• Increase in the rate of transpiration increases the water absorption also because when transpiration occurs, it will create a transpiration pull and more water absorption will take place.

Do Plants Also Respire?

  • In plants each part can independently take in oxygen from the air and give out carbon dioxide. Even roots can respire. Can you guess what would happen if a potted plant is overwatered?
  • Plants carry out photosynthesis only during the day and respiration both during the day time as well as night.
  • Did you know? For us oxygen is essential, but for those organisms which do not use it, oxygen is toxic. In fact, our white blood cells use oxygen to kill invading bacteria. Even for humans, it may be dangerous to breathe pure oxygen for long.

The Flower

  • The flower is the reproductive unit in the angiosperms. It is meant for sexual reproduction. Androecium and gynoecium are reproductive organs.
  • When a flower has both androecium and gynoecium, it is bisexual. A flower having either only stamens or only carpels is unisexual.
  • Aestivation: The mode of arrangement of sepals or petals in floral bud with respect to the other members of the same whorl is known as aestivation.

Parts of a flower

Parts of a flower


  • Androecium is composed of stamens. Each stamen which represents the male reproductive organ consists of a stalk or a filament and an anther. Each anther is usually bilobed and each lobe has two chambers, the pollen-sacs. The pollen grains are produced in pollen-sacs. A sterile stamen is called staminode.


  • Gynoecium is the female reproductive part of the flower and is made up of one or more carpels. A carpel consists of three parts namely stigma, style and ovary.
  • After fertilization, the ovules develop into seeds and the ovary matures into a fruit.
  • Placentation: The arrangement of ovules within the ovary is known as placentation.

The Fruit

  • The fruit is a characteristic feature of the flowering plants.
  • It is a mature or ripened ovary, developed after fertilisation.
  • If a fruit is formed without fertilisation of the ovary, it is called a parthenocarpic fruit.
  • The Seed: The ovules after fertilisation, develop into seeds.

Transport Of Water And Minerals In Plants

  • Plants absorb water and minerals by the roots. The roots have root hair. The root hair increase the surface area of the root for the absorption of water and mineral nutrients dissolved in water. The root hair is in contact with the water present between the soil particles.
  • Can you guess how water moves from the root to the leaves? What kind of transport system is present in plants?
  • Plants have pipe-like vessels to transport water and nutrients from the soil. The vessels are made of special cells, forming the vascular tissue.
  • The vascular tissue for the transport of water and nutrients in the plant is called the xylem. The xylem forms a continuous network of channels that connects roots to the leaves through the stem and branches and thus transports water to the entire plant leaves synthesise food.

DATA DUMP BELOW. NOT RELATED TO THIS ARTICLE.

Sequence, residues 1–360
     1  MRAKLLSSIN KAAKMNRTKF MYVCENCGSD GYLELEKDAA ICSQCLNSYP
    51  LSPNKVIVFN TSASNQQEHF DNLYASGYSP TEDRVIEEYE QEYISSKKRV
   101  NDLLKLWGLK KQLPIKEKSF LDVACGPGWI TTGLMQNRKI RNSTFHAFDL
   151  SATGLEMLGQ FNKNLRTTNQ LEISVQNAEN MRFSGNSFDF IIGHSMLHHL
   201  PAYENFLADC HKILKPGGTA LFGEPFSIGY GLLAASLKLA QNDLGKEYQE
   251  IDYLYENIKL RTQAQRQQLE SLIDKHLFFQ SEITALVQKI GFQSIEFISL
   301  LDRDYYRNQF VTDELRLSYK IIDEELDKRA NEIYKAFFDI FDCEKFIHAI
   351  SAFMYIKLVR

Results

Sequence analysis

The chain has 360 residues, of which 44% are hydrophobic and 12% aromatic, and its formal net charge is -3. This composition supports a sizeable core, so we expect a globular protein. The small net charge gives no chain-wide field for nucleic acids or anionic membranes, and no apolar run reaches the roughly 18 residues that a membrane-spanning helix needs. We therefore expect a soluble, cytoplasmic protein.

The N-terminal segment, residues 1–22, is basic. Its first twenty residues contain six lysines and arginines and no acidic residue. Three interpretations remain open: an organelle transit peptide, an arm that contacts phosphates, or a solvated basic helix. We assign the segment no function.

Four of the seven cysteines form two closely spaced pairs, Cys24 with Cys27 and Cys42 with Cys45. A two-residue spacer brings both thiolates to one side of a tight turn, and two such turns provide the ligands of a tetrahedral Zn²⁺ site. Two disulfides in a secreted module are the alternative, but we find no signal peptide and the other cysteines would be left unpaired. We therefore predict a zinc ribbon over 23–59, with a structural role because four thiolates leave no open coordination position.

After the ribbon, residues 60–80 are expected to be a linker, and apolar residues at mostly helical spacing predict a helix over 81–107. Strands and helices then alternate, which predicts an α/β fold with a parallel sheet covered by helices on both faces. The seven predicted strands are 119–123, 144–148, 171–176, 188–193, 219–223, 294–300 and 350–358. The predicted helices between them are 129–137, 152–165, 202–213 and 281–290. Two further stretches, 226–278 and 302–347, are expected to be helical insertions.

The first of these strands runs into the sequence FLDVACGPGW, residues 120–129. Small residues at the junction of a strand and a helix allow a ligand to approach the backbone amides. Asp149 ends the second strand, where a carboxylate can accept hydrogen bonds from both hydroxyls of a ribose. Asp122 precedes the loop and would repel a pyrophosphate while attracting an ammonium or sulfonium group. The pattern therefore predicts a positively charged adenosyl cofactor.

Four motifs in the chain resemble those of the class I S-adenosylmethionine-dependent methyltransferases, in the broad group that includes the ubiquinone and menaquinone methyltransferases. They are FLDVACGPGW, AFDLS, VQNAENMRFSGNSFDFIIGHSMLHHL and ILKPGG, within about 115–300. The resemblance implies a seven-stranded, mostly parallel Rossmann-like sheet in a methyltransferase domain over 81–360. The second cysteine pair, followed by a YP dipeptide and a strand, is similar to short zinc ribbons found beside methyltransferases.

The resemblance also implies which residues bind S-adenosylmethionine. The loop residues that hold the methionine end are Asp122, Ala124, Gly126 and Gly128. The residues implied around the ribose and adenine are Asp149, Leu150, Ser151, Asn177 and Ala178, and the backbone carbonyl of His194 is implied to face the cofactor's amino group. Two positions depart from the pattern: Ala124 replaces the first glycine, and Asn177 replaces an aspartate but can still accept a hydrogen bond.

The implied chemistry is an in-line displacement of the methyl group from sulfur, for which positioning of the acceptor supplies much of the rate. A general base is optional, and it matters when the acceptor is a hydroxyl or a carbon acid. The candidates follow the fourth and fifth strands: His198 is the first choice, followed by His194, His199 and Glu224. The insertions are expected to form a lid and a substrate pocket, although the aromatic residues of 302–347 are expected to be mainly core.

• The food has to be transported to all parts of the plant. This is done by the vascular tissue called the phloem. Thus, xylem and phloem transport substances in plants.


  • Flowering plants exhibit enormous variation in shape, size, structure, mode of nutrition, life span, habit and habitat. They have well developed root and shoot systems.
  • Root system is either tap root or fibrous. Generally, dicotyledonous plants have tap roots while monocotyledonous plants have fibrous roots.
  • The roots in some plants get modified for storage of food, mechanical support and respiration. The shoot system is differentiated into stem, leaves, flowers and fruits.
  • The morphological features of stems like the presence of nodes and internodes, multicellular hair and positively phototropic nature help to differentiate the stems from roots. Stems also get modified to perform diverse functions such as storage of food, vegetative propagation and protection under different conditions.
  • Leaf is a lateral outgrowth of stem developed exogeneously at the node. These are green in colour to perform the function of photosynthesis. Leaves exhibit marked variations in their shape, size, margin, apex and extent of incisions of leaf blade (lamina). Like other parts of plants, the leaves also get modified into other structures such as tendrils, spines for climbing and protection respectively.
  • The flower is a modified shoot, meant for sexual reproduction. The flowers are arranged in different types of inflorescences. They exhibit enormous variation in structure, symmetry, position of ovary in relation to other parts, arrangement of petals, sepals, ovules etc.
  • After fertilisation, the ovary is converted into fruits and ovules into seeds. Seeds either may be monocotyledonous or dicotyledonous. They vary in shape, size and period of viability. The floral characteristics form the basis of classification and identification of flowering plants. This can be illustrated through semi-technical descriptions of families. Hence, a flowering plant is described in a definite sequence by using scientific terms. The floral features are represented in the summarised form as floral diagrams and floral formula.
  • Water comes out of leaves in the form of vapour by a process called transpiration. Plants release a lot of water into the air through this process.